Summary: St Colman, Bishop Colman mac Lenine was born around 530, probably in West Cork. A bard by profession, he is reputed to have been influenced by St Brendan to become a priest. The main field of his apostolate was east Cork, where his chief foundation was in Cloyne. He died in 606.
The diocese of Cloyne had its beginnings in the monastic settlement of St. Colman, son of Lenin, at Cloyne in east Cork. A round tower and pre-reformation cathedral (now Church of Ireland) still stand at the site.
The Catholic Cathedral of St Colman at Cobh was begun in 1868. It completed in the early years of the 20th century.
Patrick Duffy records some of the facts about the saint.
In the Martyrology of Oengus
Oengus has a reference to Colmán of Cloyne for the 24th November. He describes him as “the son of Lenin the vehement”. It is said he was 9th in descent from the kings of Munster and that he was born in Cork.
Bard at the court of the King of Munster
Colman trained for twelve years as a bard and became the Royal Bard of Munster at the court of King Aodh Caomh at Cashel. This would have made him historian, genealogist, geographer and chronicler to the Munster kings. Brendan (of Birr? / or Clonfert?) and he were said to have settled a dispute about the succession that led to the inauguration of King Aodh Caomh. When Brendan visited Cashel for the inauguration of the new king, both Colman and Brendan were said to have discovered the lost burial place of Ailbe of Emly. Brendan demanded that Colman, having touched the sacred stone, should continue in his prominent position. Colman was so impressed by how Brendan conducted the service that he asked to be instructed in the rudiments of Christian faith.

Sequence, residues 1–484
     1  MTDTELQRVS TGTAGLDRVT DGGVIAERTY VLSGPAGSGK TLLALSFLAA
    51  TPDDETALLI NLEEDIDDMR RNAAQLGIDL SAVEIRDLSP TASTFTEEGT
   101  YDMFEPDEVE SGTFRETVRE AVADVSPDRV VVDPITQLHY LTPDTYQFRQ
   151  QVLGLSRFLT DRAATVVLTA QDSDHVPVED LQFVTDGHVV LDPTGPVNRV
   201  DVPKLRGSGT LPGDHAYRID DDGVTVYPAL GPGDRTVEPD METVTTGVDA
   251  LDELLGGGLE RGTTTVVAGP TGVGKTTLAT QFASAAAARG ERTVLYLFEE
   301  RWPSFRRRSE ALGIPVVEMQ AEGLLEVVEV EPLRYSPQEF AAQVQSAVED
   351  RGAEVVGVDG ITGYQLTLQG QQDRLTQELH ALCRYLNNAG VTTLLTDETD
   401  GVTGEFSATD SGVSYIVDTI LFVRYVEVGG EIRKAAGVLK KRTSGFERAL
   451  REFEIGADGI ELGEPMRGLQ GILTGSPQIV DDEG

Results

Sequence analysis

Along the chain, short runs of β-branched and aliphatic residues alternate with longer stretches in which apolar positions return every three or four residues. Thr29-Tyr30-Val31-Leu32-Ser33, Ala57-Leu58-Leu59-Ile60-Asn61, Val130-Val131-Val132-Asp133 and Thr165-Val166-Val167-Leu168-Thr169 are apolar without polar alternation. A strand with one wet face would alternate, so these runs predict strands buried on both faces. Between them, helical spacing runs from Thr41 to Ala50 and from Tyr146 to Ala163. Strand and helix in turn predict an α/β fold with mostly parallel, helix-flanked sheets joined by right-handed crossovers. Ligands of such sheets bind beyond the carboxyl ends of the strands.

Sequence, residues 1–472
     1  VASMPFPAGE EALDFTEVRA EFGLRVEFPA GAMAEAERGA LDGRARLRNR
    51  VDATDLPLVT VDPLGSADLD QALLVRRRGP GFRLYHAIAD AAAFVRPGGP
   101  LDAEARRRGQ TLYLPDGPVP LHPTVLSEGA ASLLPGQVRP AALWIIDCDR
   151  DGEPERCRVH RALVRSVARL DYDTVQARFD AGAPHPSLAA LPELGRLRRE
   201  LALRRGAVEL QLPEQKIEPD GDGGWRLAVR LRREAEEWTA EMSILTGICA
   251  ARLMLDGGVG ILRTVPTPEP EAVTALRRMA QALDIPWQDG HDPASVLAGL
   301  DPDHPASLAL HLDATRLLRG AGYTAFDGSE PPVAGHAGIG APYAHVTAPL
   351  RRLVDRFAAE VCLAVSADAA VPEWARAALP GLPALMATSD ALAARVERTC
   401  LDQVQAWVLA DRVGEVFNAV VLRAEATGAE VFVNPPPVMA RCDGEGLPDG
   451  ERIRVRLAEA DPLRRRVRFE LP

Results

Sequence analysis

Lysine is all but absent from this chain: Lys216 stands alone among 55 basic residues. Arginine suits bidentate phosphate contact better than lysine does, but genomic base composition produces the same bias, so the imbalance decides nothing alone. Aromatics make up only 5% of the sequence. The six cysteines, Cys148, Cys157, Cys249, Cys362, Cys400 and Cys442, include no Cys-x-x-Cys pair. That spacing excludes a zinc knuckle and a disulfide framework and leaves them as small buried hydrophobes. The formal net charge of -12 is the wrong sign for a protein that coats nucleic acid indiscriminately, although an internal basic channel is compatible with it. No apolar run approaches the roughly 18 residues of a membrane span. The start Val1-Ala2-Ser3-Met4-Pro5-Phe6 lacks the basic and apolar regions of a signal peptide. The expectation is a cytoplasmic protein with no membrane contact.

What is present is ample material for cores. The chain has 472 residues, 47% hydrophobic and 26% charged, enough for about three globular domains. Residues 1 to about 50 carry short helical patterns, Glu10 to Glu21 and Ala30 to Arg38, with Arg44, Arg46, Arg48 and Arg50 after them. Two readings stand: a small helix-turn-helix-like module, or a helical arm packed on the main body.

Baptism and formation
After initial instruction, Brendan baptised Colman and sent him to St Jarlath of Tuam for further formation and was ordained a priest.
Colman’s principal foundation (560) was at Cloyne, Cluain Uamha, “Meadow of the Caves”, in east Cork, which Cairpre Crom, king of Munster, gave him as a site for a monastery and monastic school. The Danes plundered Cloyne in 822, 824 and 885. The diocese of Cloyne was named at the Synod of Kells in 1152. A cathedral and round tower in the village of Cloyne remains in the possession of the Church of Ireland. A Catholic cathedral of St Colman was built at Cobh, beginning in 1868 and completed in the early years of the 20th century.
Another foundation associated with Colman was at Kilmaclenine, near Buttevant, in north Cork, which is said to have been his birth-place. His feast is observed on 24th November.